Baptized: Gloucester, England - April 10, 1735
Died: Savannah, Georgia - May 19, 1777
Button Gwinnett came to Georgia in 1765. He had little success as either a merchant or a planter, but became intricately involved and quite adept at Revolutionary politics. His political battles were as much with the Whig factions within Georgia as they were with the British. Gwinnett represented the group trying to wrest power away from the “city” party, dominated by the Christ Church parish centered in Savannah. His success was evidenced by his selection as leader of Georgia’s Continental battalion in early 1776. But many of his political rivals opposed his selection. To avoid excessive controversy, Gwinnett gave up this post, instead accepting election to the Continental Congress.
He arrived in Philadelphia on May 20, 1776. He was heavily involved in committee work, but took no recorded part in the debate over independence. His support for the cause was clear though, as he voted to separate from England on July 2, voted for the Declaration itself on July 4, and signed the actual document on August 2. Soon thereafter he left Philadelphia to return to Georgia.
Gwinnett hoped to again be named leader of the Georgia forces, but that appointment went to Lachlan McIntosh, a longtime political rival. Gwinnett turned his attention to the legislature, where his faction won control. He and his followers set out to purge the military of all those ostensibly not devoted to the Revolutionary cause. But most of those purged were supporters of McIntosh. The legislature adjourned in February, 1777 - leaving the government in the hands of the Council of Safety. The Council’s President - Archibald Bulloch - died within a month and the Council selected Button Gwinnett to take his place. The only negative vote was cast by George McIntosh - Lachlan’s brother.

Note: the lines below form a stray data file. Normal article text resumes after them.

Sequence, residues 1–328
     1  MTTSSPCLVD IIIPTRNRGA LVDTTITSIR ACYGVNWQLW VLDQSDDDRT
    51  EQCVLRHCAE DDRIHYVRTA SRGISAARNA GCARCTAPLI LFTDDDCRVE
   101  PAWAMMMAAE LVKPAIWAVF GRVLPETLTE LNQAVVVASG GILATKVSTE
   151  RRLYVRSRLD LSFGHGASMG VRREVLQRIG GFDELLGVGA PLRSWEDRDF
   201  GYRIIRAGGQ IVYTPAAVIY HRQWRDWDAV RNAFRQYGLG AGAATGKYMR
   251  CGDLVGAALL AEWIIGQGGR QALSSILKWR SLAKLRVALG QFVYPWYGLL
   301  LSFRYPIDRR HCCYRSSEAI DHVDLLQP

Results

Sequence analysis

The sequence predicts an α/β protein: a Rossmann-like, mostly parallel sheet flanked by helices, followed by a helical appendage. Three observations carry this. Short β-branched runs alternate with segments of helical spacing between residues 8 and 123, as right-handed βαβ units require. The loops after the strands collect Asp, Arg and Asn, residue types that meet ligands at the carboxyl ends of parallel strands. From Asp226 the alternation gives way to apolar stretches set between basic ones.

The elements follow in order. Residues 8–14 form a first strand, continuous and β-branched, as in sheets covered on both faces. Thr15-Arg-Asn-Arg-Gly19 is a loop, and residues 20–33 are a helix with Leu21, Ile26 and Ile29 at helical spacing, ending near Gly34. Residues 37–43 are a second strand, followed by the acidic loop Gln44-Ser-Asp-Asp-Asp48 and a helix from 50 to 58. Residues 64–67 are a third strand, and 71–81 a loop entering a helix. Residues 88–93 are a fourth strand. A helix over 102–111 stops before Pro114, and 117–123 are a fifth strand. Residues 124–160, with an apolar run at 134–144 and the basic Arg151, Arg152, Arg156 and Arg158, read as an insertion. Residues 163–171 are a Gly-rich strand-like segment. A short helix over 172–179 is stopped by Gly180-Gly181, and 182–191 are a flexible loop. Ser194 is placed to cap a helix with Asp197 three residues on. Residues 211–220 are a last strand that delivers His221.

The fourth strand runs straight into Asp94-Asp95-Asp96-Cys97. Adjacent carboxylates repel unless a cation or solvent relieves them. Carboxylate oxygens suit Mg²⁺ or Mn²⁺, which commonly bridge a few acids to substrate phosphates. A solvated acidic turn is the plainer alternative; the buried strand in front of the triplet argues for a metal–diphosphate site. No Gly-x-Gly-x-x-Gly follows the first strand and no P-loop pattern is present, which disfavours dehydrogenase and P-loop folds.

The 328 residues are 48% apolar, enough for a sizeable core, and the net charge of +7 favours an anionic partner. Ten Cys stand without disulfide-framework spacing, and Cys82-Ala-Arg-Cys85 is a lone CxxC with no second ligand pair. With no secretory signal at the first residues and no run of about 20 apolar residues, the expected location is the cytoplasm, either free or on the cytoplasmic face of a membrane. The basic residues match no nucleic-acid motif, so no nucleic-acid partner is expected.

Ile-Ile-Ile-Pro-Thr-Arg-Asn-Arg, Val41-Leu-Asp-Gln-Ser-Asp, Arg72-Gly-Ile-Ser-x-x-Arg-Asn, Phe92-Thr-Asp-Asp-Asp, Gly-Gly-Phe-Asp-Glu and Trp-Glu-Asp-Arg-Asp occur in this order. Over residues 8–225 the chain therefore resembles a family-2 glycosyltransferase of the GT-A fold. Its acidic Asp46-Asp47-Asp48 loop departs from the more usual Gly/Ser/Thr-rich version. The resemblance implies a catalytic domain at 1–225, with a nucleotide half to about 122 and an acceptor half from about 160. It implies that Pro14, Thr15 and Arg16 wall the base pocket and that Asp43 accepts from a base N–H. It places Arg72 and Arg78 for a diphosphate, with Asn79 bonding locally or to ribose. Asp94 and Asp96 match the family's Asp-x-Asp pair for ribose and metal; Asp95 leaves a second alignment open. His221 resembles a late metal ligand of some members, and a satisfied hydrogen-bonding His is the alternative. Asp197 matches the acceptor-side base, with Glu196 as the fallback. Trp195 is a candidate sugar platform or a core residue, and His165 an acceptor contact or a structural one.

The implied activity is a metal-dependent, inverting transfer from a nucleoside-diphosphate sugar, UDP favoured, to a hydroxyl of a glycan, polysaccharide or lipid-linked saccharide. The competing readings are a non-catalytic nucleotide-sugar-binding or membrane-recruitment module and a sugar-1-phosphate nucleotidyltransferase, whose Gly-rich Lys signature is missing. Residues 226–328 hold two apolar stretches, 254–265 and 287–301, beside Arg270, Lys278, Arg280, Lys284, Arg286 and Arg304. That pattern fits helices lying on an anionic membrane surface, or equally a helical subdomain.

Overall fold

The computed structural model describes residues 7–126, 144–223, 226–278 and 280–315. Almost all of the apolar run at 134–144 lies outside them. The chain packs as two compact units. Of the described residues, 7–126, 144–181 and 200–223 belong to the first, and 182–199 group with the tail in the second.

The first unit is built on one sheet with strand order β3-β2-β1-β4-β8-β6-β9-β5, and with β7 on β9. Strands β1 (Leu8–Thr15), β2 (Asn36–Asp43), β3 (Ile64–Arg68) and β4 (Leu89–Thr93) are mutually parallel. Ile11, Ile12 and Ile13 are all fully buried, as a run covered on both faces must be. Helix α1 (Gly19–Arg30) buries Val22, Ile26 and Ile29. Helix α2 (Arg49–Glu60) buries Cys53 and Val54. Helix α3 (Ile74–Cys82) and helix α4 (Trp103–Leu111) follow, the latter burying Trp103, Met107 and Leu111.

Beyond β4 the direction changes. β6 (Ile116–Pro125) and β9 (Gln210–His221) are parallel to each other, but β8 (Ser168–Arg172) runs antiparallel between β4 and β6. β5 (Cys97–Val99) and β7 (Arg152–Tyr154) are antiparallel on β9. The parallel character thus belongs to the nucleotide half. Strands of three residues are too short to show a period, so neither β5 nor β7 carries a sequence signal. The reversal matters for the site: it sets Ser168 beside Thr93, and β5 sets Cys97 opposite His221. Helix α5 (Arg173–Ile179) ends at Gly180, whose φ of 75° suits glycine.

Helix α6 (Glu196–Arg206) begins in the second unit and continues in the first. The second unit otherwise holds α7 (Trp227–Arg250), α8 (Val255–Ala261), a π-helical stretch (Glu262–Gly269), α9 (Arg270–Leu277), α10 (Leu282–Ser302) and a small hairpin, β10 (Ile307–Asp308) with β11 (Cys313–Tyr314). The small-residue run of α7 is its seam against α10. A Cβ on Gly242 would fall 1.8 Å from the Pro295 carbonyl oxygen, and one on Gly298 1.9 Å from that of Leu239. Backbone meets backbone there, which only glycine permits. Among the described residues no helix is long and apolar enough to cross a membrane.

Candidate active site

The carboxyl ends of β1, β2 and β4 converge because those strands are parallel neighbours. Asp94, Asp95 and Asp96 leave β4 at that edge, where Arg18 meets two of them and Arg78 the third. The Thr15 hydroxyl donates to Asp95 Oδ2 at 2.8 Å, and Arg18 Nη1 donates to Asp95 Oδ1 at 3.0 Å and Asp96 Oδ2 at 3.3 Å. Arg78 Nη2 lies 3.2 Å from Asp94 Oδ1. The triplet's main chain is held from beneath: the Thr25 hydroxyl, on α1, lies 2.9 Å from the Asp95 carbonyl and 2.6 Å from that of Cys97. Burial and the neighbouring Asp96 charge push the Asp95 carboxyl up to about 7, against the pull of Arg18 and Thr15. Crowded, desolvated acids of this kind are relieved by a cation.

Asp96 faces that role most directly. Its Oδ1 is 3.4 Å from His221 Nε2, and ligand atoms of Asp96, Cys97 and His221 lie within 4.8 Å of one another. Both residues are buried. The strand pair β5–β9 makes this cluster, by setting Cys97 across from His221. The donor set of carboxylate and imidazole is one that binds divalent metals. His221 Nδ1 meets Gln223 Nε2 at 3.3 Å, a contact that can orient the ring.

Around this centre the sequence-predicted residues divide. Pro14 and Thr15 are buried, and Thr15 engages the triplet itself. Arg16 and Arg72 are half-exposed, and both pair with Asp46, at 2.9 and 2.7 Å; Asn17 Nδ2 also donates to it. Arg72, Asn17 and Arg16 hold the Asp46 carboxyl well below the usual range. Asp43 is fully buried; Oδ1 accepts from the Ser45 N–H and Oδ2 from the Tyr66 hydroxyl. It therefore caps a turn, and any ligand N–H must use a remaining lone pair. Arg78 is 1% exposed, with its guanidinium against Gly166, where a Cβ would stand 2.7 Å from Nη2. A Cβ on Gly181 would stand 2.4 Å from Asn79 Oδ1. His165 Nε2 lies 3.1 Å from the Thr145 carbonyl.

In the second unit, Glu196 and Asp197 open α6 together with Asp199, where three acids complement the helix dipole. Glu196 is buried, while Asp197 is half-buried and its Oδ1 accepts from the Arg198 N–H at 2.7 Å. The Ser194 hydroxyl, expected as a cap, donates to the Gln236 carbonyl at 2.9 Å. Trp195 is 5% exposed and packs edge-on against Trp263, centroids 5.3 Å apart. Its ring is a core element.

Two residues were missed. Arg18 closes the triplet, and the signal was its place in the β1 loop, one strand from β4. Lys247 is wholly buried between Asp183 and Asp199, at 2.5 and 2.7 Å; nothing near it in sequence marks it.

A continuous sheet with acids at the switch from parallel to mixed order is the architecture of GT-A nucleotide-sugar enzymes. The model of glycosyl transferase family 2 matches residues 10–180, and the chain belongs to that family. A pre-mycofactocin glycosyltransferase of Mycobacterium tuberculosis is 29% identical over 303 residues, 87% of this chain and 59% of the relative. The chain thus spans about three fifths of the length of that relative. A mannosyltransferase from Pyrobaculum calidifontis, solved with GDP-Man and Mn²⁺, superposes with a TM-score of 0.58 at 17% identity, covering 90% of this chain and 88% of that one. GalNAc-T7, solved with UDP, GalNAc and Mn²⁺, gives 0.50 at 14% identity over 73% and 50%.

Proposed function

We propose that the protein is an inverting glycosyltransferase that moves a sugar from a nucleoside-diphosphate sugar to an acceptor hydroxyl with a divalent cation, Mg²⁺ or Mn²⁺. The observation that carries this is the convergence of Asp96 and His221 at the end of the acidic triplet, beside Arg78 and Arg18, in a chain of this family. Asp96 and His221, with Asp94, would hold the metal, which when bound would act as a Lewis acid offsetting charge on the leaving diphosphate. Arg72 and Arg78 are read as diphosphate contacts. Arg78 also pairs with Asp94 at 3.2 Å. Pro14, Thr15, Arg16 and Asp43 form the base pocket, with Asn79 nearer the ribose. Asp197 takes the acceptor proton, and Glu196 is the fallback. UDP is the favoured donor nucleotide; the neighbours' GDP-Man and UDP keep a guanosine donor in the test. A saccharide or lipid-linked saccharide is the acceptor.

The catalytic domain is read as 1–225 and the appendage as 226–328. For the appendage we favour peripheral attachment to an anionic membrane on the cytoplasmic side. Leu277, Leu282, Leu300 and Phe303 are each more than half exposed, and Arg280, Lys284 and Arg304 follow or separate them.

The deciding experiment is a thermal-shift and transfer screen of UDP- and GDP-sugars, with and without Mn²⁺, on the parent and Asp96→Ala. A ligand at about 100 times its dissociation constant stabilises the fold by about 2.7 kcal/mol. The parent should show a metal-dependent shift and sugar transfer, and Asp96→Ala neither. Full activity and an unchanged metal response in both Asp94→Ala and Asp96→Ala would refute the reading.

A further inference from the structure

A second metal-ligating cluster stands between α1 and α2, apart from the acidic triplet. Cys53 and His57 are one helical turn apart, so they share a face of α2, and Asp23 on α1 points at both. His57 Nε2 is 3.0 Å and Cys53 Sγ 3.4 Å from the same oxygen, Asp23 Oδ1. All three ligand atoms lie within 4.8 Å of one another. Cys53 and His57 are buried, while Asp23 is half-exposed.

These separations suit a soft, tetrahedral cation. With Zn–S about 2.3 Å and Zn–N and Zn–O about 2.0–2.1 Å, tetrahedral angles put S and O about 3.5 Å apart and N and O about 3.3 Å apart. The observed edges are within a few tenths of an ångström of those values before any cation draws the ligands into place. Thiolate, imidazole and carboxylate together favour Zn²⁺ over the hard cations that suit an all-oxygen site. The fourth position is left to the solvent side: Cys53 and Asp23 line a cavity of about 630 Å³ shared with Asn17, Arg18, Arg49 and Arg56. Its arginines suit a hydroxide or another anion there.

Gwinnett proposed invading Florida and taking St. Augustine - to guarantee protection of Georgia’s southern boundary. But McIntosh and his followers believed the plan was politically, not militarily, motivated and refused to aid the effort. Gwinnett had George McIntosh arrested for treason, while Lachlan immediately came to his brother’s defense. Meanwhile the expedition to Florida was begun, but soon halted. Gwinnett requested aid from McIntosh, but by now cooperation between the two was impossible. The Council called Gwinnett back to Savannah, where the tensions between the two factions and the two men continued to mount.
In May, 1777 a new assembly convened. Gwinnett was defeated in a bid for the governorship, but was cleared of any wrongdoing in the Florida expedition. An angry Lachlan McIntosh publicly declared that Gwinnett was “a scoundrell and lying rascal.” The very next day Gwinnett challenged McIntosh to a duel. The two met outside Savannah on May 16, 1777. Both were wounded in the ensuing duel; McIntosh recovered, Gwinnett did not. He died three days later. His death so soon after the fact has made Button Gwinnett’s signature a rare and valuable item. He subsequently became the most famous of Georgia’s three signers of the Declaration of Independence.